Mr. Weinstock said his organization had been in touch with the school’s administrator who told them “no formal classes were held.”

“He said that individual students were studying together on their own accord, and with masks and extreme social distancing in place,” Mr. Weinstock said. “I can’t comment on the facts as we were not present, but felt it was important to convey another side to this story.”


One neighbor told the New York Times he witnessed classrooms with “dozens of students.” Another complained that the kids did not wear masks and called it “unfair” since “everyone’s wearing masks but not them.” (h/t MtTB)


Where Are Jewish Groups and Others on Rashida Tlaib’s ‘Nakba’ Tweet?
Representative Rashida Tlaib (D-MI) has made no secret of her feelings for Jews and Israel. She allowed a map in her office to be “fixed” by renaming Israel as “Palestine.” She dressed in a Palestinian thobe for her swearing in, and has wrapped herself in a Palestinian flag. But don’t accuse her of dual loyalties as she has done to Jews. And don’t accuse her of hating Jews. She does think there are good Jews. They are usually anti-Zionist Jews who share her hatred of Israel.

Tlaib’s most recent anti-Jewish broadside was her May 15 tweet, “Today, Palestinians around the world commemorate the Nakba (النكبة), Arabic for “catastrophe” recognizing the ethnic cleansing of indigenous Palestine. ~530 Palestinian neighborhoods were uprooted + destroyed +750,000 Palestinians became refugees.”

In consideration of people who lack the patience to read the tweet, and to create more visceral hatred for Israel and sympathy for Palestinians whose Arab grandparents fled their homes during the failed attempt to drive the Jews into the sea, Tlaib included an emotion-laden cartoon featuring two young girls comforting (presumably) an elder holding a key, while gazing at Jerusalem.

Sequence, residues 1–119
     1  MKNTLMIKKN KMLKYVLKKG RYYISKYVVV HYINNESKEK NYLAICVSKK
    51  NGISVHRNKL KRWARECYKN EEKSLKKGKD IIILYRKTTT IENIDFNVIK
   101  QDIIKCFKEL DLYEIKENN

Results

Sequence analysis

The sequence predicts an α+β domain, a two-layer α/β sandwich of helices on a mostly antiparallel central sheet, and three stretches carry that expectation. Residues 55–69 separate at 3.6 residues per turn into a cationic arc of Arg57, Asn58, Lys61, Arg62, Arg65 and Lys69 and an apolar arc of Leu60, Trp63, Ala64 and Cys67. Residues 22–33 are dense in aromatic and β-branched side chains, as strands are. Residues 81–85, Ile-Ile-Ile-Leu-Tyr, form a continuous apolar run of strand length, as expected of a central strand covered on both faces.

Tlaib is free to tweet her bigoted, ahistorical beliefs to her heart’s content, but referring to “ethnic cleansing” and Palestinian neighborhoods being uprooted and destroyed are lies as big as Jews being given “a safe haven” by her ancestors after the Holocaust.

The “Nakba” was the failed attempt by five Arab armies to strangle Israel upon its rebirth in 1948. While Israel survived and now thrives (to Tlaib’s obvious chagrin), it was Jews who were ethnically cleansed from Judea and Samaria and eastern Jerusalem by the Jordanian occupiers. It was Jews who suffered massacres at Arab hands even before Israel’s War of Independence. It was 850,000 Jews who fled or were forced out of Arab and Muslim countries after Israel was reborn.
In Tweets, Ex-US Congresswoman Cynthia McKinney Questions Number of Holocaust Victims
A former US congresswoman and notorious anti-Israel activist and conspiracy theorist has engaged in Holocaust denial on social media twice over the past three days.

Cynthia McKinney, 65, who left Congress in 2007, posted a link to an article on Saturday from the Israeli daily Haaretz that explored the issue of how the number of victims of the Holocaust was calculated.

McKinney commented, “So, the figure wasn’t six million after all?? What about those punished and even imprisoned for saying so?? Is this a ‘You can’t say, but I can’ kind of thing??”

Replies to McKinney’s tweet were replete with Holocaust denial, with users posting statements like “Six million fake news also,” “Easily the most epic criminal extortion racket ever perpetrated on humanity,” and “Nuremberg, where the Germans had been brutally tortured into saying anything asked of them.”

Many commenters, however, criticized McKinney, with comments such as “No wonder you’re ‘former’ congresswoman — good riddance anti-semite Holocaust Denier” and “Cool, cool, literal Holocaust denial.”